The polls will be open from 8 am to 5 pm, Monday through Friday, until February 15, and then from 8 am to 7 pm, February 19 through Friday, February 22. The early polling station will remain open for limited hours the weekend and day before the election: Saturday the 23rd from 8-4, Sunday the 24th from 1-5, and Monday the 25th from 8-2.
ISSUE No. 2
Keep the Jail Downtown
It has been a long fight for supporters of this initiative see it finally be put before voters. Keep the Jail Downtown’s organizers have found opposition from county officials and, originally, the Board of Elections, as they tried to put the issue on the ballot. The group stands in opposition to proposed Lucas County Commissioners plans to build new jail facilities at Detroit Avenue and Alexis Road.
“We believe the jail belongs downtown, close to the support services, Courthouse and the Safety Building,” said Mary Dutkowski, organizer and treasurer for Keep the Jail Downtown. “We think the cost will be too high for the everyday workings if they move the jail from downtown with additional man hours and transportation costs.”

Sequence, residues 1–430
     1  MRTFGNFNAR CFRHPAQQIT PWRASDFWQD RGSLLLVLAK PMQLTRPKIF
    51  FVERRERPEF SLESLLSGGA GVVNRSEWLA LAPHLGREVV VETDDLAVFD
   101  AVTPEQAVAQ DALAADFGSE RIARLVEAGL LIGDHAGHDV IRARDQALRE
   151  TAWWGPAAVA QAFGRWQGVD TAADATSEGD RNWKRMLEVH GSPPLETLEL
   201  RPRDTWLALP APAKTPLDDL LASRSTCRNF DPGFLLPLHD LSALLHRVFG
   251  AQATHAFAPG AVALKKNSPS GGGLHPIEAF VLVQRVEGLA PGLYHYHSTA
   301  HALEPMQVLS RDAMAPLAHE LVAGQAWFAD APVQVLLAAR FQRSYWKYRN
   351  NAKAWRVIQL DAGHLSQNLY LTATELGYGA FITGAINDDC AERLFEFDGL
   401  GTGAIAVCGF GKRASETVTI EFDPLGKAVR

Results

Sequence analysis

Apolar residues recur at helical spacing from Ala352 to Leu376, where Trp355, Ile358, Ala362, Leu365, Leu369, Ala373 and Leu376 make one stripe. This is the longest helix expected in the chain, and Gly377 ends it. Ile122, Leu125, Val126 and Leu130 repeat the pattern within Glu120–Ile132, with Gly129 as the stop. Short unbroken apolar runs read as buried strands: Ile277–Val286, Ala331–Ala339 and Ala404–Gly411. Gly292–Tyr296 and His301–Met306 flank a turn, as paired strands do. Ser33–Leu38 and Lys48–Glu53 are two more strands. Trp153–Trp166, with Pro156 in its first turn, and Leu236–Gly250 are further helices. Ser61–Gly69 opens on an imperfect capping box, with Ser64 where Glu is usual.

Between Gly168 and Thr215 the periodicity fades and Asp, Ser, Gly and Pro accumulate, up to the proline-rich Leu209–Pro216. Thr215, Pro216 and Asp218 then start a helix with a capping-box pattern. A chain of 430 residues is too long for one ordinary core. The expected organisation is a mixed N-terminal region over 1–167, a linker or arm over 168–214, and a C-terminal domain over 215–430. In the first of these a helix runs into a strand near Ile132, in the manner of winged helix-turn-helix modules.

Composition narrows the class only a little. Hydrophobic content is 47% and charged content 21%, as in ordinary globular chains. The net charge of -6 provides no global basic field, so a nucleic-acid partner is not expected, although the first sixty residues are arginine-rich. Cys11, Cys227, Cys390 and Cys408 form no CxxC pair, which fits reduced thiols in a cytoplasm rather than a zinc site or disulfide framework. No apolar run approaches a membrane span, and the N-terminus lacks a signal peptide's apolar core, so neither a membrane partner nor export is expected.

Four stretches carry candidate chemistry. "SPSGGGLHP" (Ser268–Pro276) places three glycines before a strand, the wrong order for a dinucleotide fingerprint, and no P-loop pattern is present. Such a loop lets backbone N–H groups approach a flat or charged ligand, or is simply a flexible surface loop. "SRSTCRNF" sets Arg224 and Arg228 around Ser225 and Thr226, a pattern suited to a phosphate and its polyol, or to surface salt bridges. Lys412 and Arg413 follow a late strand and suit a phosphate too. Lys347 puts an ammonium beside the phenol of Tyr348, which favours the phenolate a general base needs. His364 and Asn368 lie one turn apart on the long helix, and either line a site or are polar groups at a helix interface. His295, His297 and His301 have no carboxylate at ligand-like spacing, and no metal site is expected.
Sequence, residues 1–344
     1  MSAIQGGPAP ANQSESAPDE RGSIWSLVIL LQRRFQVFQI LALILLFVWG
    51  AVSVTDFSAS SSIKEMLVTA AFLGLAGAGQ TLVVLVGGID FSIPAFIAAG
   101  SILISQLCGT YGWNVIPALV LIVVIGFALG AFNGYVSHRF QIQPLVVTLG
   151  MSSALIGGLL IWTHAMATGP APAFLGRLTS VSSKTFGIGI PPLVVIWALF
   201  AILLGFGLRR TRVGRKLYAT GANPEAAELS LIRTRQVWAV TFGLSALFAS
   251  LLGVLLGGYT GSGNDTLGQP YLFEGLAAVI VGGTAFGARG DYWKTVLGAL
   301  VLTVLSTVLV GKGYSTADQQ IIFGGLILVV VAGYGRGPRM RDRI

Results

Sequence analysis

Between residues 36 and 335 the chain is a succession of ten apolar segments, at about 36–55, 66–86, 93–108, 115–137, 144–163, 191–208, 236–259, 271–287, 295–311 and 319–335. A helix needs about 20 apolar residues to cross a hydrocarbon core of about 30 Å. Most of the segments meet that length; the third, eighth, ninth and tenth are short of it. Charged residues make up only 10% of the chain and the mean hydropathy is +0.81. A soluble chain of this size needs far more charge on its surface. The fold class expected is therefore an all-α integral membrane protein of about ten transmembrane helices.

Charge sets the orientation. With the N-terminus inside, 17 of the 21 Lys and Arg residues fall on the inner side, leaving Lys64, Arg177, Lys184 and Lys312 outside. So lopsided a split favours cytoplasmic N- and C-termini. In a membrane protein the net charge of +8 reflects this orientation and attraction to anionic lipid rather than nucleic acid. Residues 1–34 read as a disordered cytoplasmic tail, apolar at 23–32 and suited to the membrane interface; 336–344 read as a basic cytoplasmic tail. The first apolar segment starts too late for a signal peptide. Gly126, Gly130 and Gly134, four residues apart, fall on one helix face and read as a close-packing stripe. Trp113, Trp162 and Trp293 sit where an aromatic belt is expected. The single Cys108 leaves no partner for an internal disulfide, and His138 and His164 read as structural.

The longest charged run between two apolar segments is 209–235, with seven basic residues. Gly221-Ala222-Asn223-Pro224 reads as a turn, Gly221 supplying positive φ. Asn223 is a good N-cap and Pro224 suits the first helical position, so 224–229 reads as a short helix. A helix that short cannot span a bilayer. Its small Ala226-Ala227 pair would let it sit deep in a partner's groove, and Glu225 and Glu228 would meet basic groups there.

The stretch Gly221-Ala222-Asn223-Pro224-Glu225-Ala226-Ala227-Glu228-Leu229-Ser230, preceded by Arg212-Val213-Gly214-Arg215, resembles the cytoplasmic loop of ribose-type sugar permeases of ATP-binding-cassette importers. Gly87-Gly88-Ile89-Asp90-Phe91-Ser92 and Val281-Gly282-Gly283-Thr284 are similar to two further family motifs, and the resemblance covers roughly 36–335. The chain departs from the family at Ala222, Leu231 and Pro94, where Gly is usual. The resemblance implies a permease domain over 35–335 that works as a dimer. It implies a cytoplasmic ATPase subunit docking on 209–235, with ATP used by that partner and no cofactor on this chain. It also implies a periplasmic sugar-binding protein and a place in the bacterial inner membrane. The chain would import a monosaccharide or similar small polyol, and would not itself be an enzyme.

A group of sixty people worked to collect over 10,000 signatures over the course of three months to garner a place on the ballot.
“We then turned it into city council, who sent it on to the Board of Elections, but the Board of Elections denied us access (to the ballot). So we went on to the Supreme Court and we got the ruling we wanted.”
Officials from Lucas County, however, still argue that the amendment is unenforceable and will eventually be deemed unconstitutional even if it passes.
“We believe that it is enforceable. When it passes it will become part of the City Charter. I know that the commissioners are questioning that, saying they would take it to court, but we believe it will hold up. We also believe that they need to listen to the voters,” Dutkowski said. “Most people that we have spoken to feel that the jail belongs downtown,” she added. “The cost of moving it is astronomical. You can’t just pick the jail up and decide to move it.”